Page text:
There was a time where you could turn on the TV and easily see an even-handed representation of Black folks just living their everyday lives. From the Evans, the Huxtables, the students on A Different World, to four best friends on Girlfriends, we saw the highs, lows and everything else in between. But somewhere in the mid-to-late 2000s onward, a chasm developed, separating the good from the bad with not much left in between.
Sure, we have the Beyoncés and the Oprahs. Combine this with expected culture shifts overall—including the advent of "ratchet reality TV"—a new portrayal of the Black experience has been ushered in, and it isn't always relatable.
Issa Rae had something to say about this recently when she spoke on a panel discussing femininity during this years' during Cannes Lions. She told the audience, "The positive portrayals over the last ten years are overcompensating for the negative portrayals."
And while it is true that the way we are portrayed in the media affects the way we not only view ourselves but also how other perceive us, this overcompensation is clearly starting to have a measurable impact. The Insecure creator and star goes further by saying:
"For black women, I tend to find it harmful that we have all the burden on our shoulders, to uphold this specific image. You see them as the strong, flawless, fierce type of woman. And even on a great day, I am never those things."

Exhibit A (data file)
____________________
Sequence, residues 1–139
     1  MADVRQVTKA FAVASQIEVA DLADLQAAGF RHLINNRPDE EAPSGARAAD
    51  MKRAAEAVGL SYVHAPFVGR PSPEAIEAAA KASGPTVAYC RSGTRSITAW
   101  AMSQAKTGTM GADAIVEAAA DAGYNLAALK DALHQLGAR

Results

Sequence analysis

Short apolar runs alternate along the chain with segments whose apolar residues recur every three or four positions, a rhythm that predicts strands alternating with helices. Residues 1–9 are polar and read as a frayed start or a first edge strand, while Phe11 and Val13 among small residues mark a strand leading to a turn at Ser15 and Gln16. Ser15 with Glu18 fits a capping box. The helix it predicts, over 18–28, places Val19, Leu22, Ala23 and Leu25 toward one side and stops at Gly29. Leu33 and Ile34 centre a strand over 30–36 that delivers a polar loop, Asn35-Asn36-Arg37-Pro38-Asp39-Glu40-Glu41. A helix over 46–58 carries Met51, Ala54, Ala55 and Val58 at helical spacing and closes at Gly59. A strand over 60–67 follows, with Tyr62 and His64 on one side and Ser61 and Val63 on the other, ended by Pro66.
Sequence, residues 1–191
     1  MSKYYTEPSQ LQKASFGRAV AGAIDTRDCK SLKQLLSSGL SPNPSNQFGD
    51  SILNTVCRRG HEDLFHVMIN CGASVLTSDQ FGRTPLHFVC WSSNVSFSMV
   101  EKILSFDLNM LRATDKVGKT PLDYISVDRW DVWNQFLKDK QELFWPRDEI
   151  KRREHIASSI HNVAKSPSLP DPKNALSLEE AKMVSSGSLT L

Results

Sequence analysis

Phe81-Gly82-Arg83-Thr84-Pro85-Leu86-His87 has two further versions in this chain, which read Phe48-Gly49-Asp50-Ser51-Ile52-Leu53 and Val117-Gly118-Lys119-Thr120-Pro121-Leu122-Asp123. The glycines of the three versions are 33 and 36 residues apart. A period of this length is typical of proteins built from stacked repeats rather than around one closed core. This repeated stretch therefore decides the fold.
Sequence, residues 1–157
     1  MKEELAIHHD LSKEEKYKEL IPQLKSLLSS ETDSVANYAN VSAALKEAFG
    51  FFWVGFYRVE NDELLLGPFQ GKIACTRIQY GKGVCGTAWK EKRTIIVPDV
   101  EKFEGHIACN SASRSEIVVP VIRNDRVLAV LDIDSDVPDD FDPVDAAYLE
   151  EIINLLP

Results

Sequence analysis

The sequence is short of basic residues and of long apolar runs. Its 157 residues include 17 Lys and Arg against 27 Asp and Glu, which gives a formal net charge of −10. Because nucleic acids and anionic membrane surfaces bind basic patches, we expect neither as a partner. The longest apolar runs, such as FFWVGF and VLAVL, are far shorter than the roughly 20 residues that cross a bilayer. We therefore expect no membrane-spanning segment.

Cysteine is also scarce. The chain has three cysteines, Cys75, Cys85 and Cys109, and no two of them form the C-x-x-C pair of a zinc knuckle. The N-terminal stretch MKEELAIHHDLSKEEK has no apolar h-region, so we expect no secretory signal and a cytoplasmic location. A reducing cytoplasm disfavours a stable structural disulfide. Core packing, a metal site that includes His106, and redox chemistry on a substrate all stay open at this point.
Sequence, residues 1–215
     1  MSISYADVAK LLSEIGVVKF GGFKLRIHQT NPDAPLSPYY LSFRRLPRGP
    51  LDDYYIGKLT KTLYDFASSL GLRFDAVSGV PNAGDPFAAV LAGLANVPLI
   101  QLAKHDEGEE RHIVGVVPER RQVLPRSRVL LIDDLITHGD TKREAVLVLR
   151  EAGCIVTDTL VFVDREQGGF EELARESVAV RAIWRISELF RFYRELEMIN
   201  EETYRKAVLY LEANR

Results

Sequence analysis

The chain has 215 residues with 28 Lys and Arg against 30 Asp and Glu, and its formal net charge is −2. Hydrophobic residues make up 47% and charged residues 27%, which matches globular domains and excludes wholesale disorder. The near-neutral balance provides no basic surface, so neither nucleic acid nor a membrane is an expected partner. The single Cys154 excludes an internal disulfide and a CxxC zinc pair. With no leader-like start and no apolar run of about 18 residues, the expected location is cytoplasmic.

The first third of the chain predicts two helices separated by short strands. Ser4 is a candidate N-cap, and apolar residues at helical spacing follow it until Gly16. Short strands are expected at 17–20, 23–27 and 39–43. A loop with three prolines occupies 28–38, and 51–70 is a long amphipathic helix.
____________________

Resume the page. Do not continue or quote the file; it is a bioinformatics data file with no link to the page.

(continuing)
It's almost as if we as black women are held to this impossible to fulfill standard of excellence that the rest of the world doesn't quite have to meet. And for less money, too. No shade to Beyoncé or Oprah, but not all of us are always "on point." Characters like Olivia Pope captivated audiences as a Black woman at the pinnacle of her career known for her style, eloquence, and professional power. And while it's nice to see this and have something to aspire to, many of us are still just trying to figure it out. This undue burden leaves a lot of us feeling inadequate when we don't have all the pieces of our lives perfectly put together.
issa rae GIF by Insecure on HBO Giphy
Perhaps this is why Issa's character on Insecure has resonated so loudly with many women of color: she's just a regular woman trying to make her way through the world. Sometimes I too want to be seen as needing some assistance and a helping hand. I don't always want to do everything by myself all the time, even if I can actually do it all by myself.
Rae also alluded to toxic masculinity during this discussion, which is also a topic that this upcoming season of Insecure plans to address. The 33-year-old refers to the newly released album by Jay and Bey (EVERYTHING IS LOVE), giving us a powerful takeaway message by saying:
"Even hearing that Jay-Z verse being thankful to Beyonce and all the black women in his life for putting up with his bullshit…And that's kind of [the idea of] what black women are currently, [that] they're going to be there when you need them. And that's absolutely not the case, for sure with anyone I know."
The mantra of the ride or die woman is ever present in our culture, but to what end? Some would argue that this mindset only adds fuel to the fire that Black women are somehow immune to the BS and that we can easily keep moving forward without any difficulty meanwhile waiting with open, forgiving arms when a man is ready to make amends.
This discussion revs to the anticipation of the third season of Insecure, which is set to premiere on HBO August 12th. To read more of the Cannes Lions panel discussion, head to the Hollywood Reporter.
What say you: are you a superwoman with the ability to forgive and forget when push comes to shove?
*Featured image by Rich Fury / Getty Images